Ford and GM invited Toyota customers to switch, but didn’t criticize Toyota’s technical problems, lest media notice their own recalls. Electronics experts criticized the entire industry’s drive-by-wire technology, noting that electromagnetic interference is always impossible to rule out, and that vehicles with 10 million lines of code in 35-40 different controllers were entering a new zone: Complex to integrate, much more to consider assuring reliability, and maybe even opening themselves to hacking.

A 2010 automobile averages more lines of code than in commercial aircraft designs. In another design generation or two, this will grow to about 100 million lines. Is this something to be proud of, or an indicator of process waste? The industry is aiming for vehicles that largely drive themselves — at least in emergencies — swathed in electronic safety cocoons, not balky systems subject to the blue screen of death. Public perception and acceptance is a key factor.

Software complexity is also a strategy to cope with fuel economy improvements and emissions requirements. Complexity alone is starting to change the business model of the industry. To diagnose a faulty vehicle one has to know the mechanical components in it, and the versions of software loaded on it. Ford now starts a lifetime software record when each vehicle lines off. When the vehicle comes into a dealer, scanning the vehicle number brings up its record, including any software updates that have been downloaded to it. In addition, the total software system must be integrated from sub-systems, some of which come from suppliers. Integrating all this takes more supplier collaboration than ever. In addition, designs must be extensively checked by simulation. If an integrated design can’t pass a simulation smell test, there’s no point committing to a hardware prototype. Modern designs can’t be integrated without extensive simulation– too many variables to consider, from too many different directions. Taiichi Ohno never had to cope with this.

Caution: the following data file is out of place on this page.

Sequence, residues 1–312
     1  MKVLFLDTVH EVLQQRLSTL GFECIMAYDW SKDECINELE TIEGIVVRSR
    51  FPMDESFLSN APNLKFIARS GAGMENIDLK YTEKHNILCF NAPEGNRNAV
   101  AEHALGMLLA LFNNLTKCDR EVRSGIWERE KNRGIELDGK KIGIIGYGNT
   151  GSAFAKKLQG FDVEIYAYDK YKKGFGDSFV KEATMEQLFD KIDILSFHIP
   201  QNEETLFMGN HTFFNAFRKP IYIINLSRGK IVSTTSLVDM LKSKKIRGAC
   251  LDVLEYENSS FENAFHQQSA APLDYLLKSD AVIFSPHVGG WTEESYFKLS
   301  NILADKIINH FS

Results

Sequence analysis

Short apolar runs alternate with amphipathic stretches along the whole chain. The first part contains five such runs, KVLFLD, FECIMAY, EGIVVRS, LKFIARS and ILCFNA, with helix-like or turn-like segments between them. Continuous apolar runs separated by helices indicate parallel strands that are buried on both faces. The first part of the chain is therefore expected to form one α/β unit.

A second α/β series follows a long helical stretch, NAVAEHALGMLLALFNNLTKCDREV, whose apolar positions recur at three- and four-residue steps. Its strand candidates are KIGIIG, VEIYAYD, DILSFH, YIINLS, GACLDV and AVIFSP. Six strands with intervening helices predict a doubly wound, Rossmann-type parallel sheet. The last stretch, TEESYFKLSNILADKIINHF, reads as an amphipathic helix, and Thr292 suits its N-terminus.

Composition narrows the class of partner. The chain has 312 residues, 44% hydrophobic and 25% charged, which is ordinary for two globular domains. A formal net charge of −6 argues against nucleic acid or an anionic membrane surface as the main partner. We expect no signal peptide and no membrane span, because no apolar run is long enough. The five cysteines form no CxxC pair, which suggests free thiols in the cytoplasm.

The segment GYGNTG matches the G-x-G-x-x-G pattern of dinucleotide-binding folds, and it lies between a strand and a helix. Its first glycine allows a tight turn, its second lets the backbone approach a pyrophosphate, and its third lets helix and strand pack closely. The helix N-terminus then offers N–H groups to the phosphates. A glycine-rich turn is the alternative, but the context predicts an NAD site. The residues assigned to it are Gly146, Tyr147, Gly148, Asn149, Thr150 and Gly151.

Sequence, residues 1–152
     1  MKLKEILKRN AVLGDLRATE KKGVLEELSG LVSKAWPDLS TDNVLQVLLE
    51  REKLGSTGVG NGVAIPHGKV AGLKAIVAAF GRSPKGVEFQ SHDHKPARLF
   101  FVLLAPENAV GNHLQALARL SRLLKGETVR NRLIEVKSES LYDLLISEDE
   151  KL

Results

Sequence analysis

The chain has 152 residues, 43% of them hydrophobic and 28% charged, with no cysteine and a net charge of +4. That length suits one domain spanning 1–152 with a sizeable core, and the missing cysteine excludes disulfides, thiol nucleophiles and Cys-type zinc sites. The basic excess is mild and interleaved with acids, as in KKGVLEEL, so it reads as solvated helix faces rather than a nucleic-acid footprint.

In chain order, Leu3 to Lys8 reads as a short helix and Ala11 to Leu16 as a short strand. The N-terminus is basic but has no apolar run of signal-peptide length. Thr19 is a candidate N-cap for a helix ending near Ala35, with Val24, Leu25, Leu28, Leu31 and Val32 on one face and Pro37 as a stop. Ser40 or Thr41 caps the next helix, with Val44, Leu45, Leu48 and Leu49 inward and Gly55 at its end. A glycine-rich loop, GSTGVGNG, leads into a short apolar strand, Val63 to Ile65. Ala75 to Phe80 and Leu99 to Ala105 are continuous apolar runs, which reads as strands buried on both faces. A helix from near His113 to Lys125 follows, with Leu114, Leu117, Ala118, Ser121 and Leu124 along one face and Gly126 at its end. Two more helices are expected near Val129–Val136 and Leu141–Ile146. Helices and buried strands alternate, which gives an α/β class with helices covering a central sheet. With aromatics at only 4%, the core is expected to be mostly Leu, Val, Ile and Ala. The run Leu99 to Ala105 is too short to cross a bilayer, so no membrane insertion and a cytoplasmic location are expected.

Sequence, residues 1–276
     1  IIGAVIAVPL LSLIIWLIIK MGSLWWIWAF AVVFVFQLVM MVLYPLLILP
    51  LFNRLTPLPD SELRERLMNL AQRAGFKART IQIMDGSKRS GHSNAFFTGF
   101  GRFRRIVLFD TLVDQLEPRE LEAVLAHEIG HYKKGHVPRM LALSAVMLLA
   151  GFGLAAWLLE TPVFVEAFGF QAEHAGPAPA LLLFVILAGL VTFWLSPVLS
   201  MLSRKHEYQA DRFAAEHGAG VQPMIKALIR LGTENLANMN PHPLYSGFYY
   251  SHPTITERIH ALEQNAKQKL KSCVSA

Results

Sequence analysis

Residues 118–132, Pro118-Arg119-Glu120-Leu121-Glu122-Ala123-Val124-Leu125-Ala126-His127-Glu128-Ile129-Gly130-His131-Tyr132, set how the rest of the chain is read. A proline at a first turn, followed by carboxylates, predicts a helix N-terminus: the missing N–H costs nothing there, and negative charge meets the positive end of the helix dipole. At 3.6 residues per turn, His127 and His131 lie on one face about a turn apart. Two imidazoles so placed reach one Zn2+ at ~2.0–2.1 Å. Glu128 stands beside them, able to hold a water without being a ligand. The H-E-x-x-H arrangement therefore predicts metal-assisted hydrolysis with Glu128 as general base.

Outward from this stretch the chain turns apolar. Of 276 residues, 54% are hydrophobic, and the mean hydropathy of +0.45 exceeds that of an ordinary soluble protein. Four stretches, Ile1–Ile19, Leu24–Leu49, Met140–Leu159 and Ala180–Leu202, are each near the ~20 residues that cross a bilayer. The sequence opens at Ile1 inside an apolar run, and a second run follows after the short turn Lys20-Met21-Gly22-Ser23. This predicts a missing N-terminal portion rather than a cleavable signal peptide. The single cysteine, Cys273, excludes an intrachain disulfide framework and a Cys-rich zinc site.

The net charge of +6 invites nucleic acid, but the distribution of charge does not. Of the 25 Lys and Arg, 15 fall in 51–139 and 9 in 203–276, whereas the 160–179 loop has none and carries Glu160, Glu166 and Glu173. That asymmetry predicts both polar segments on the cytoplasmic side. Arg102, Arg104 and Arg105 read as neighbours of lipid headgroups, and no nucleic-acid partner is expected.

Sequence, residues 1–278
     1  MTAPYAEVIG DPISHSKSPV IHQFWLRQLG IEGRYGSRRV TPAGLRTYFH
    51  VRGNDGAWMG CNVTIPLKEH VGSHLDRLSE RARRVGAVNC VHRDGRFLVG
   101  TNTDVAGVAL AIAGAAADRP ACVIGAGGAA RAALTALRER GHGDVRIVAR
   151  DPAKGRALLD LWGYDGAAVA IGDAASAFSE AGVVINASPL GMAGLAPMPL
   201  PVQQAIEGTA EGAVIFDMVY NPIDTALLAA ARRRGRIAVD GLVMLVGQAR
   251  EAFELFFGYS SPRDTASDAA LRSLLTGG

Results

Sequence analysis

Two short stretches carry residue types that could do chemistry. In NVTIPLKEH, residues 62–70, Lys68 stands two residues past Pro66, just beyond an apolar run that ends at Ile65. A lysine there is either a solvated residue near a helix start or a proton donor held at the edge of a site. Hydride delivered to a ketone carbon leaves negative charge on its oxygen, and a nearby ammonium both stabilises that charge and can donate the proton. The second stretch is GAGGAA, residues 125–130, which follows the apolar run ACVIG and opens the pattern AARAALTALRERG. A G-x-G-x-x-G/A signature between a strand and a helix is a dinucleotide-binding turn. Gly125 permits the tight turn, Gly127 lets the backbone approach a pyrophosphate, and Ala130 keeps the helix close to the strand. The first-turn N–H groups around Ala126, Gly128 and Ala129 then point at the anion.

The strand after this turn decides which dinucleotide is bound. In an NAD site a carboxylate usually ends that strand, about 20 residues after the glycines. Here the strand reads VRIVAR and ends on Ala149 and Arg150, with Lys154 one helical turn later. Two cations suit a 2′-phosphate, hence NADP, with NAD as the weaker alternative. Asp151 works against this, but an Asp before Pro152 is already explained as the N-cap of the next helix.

The vehicle industry as a whole seems to be getting compressed in old industrial society markets. For example, vehicle registrations in Japan have been declining since 1990.  But the industry has yet to seriously address the larger problems of Compression.

Automotive companies will migrate toward becoming life-cycle service companies. Complexity will require it before environmental mandates and material shortages require cradle-to-cradle life cycle monitoring and control. Fading: the old automotive business model — sell it; service the warranty — forget it. Every customer’s experience with the vehicle has to be tracked. The far-sighted ones will try to get in front of this. The most far-sighted one moving toward a new business model may or may not be Toyota.

This new business model has to deal with customers in lot sizes of one. Customers use vehicles in lot sizes of one. They get killed in lot sizes of one. Replicative quality is only one issue. How will the industry deal with this while shriveling consumption of fuel and virgin material, and production of pollution? Welcome to the new world.